I have often wondered about humility. It is a wonderful word that God uses to describe the kind of heart leaders should have as they lead people:
James 4:6 But he gives us more grace. That is why Scripture says: “God opposes the proud but shows favor to the humble.”
Proverbs 11:2 When pride comes, then comes disgrace, but with humility comes wisdom.
Leadership in any capacity must cultivate humility in order to make a good leader.
The difference between a good leader and a great leader is humility. ~Jim Collins
Here is a quote on humility I love:
Pride makes us artificial and humility makes us real. ~Thomas Merton
I’m sure I could go on all day making references to how humility makes a person stand out from the crowd. The problem, of course, is that humility is not easy to come by in any of our lives. About the time we feel we are moving closer to achieving a level of humility, then something happens and we present ourselves as someone of importance or someone of knowledge. It always happens when we are trying to impress someone or a group.
Humility is one of those characteristics of Christianity that looks to serve others first before considering yourself:
Philippians 2 3Do nothing out of selfish ambition or vain conceit. Rather, in humility value others above yourselves, 4not looking to your own interests but each of you to the interests of the others.
Yet, in all of this talk about humility, we don’t see many leaders displaying humility when faced with wrongdoing. Many Christian leaders have been caught in 2020 with the proverbial ‘hand in the cookie jar’ and no apologies are ever given. I suppose if a leader is accused of wrongdoing, an apology would be considered an act of confession.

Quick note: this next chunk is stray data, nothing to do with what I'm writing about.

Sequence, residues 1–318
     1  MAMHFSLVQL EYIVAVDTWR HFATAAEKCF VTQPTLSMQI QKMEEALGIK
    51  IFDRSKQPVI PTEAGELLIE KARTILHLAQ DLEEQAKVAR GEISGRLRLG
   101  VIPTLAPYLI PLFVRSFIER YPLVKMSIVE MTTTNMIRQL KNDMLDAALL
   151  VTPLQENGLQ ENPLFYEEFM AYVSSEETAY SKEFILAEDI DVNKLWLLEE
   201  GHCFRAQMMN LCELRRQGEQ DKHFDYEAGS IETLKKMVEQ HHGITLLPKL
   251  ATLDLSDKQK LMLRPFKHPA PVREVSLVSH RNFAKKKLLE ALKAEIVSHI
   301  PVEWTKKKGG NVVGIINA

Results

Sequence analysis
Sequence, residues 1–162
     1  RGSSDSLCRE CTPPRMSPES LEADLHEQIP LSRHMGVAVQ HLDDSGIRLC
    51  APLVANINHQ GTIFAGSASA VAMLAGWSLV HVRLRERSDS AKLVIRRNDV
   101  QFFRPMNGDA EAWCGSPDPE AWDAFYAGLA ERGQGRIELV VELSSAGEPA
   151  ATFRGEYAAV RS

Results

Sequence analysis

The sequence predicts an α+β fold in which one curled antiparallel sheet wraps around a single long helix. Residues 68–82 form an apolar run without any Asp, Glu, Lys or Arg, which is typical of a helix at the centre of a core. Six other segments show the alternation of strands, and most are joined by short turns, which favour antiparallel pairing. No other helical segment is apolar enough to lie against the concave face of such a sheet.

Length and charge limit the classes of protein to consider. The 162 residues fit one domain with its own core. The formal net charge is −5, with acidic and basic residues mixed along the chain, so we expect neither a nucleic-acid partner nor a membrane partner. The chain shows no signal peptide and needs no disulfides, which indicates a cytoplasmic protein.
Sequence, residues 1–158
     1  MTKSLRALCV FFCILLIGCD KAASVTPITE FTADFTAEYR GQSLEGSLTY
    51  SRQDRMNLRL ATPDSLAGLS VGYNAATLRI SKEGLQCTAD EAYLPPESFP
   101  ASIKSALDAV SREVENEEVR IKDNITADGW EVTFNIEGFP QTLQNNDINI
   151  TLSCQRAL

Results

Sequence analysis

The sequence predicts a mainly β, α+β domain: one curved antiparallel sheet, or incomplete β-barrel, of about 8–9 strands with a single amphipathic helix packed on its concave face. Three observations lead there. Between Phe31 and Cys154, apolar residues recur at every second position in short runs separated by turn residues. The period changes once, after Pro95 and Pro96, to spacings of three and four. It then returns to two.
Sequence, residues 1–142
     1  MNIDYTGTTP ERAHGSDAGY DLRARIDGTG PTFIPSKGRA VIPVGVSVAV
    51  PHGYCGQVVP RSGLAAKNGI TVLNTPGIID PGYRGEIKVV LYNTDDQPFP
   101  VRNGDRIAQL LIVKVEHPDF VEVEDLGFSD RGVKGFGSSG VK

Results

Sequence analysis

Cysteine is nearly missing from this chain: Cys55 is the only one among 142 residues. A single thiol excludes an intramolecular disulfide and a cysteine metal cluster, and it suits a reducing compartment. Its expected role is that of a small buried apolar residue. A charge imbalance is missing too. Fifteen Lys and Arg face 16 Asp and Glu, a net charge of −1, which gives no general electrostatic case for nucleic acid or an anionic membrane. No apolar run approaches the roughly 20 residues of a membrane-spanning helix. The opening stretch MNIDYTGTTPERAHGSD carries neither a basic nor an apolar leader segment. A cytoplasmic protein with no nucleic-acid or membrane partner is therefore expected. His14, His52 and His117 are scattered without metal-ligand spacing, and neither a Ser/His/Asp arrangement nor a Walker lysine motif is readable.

Yet, time and time again, there are resignations of pastors with no admission of any wrongdoing whatsoever. I remember several national Christian teachers whose teachings were called into question and were corrected, but nothing was ever said through an apology or an acknowledgement of error.
This brings me back to humility. Even though humility is preached as a desirable characteristic in Christian circles, we rarely see it displayed in leaders who make mistakes. Everyone knows there is no perfect theology, so you have to wonder how many mistakes are made in the career of a preacher, but never acknowledged. I know why I don’t. I don’t want to be known for any mistakes because mistakes in preaching about God can be disastrous for a ministry leader. Who wants to be wrong on things? Making a mistake means you might not be trusted as someone who knows more about God than the average pew sitter. In other words, you are the expert, and experts don’t make mistakes, right?
That brings me back to humility. I believe everyone makes mistakes in their preaching. I heard one today in church. The preacher made a hermeneutical mistake in how he interpreted a Verse. Now, does that make him bad or incompetent? No, he made a mistake, period. When and if it gets drawn to his attention, it will be interesting to see if he corrects himself in public the next time he preaches. That brings up another set of issues where most people are too kind to correct a leader. Humility tells us that we are to serve each other in the church, and that means mistakes are addressed honestly without any loss of respect or embarrassment.
As a leader, telling others you were wrong should have a softening effect on people, and rather than rejecting you, they should be more inclined to honor you because of your humility.
Challenging the Culture with Truth … Larry Kutzler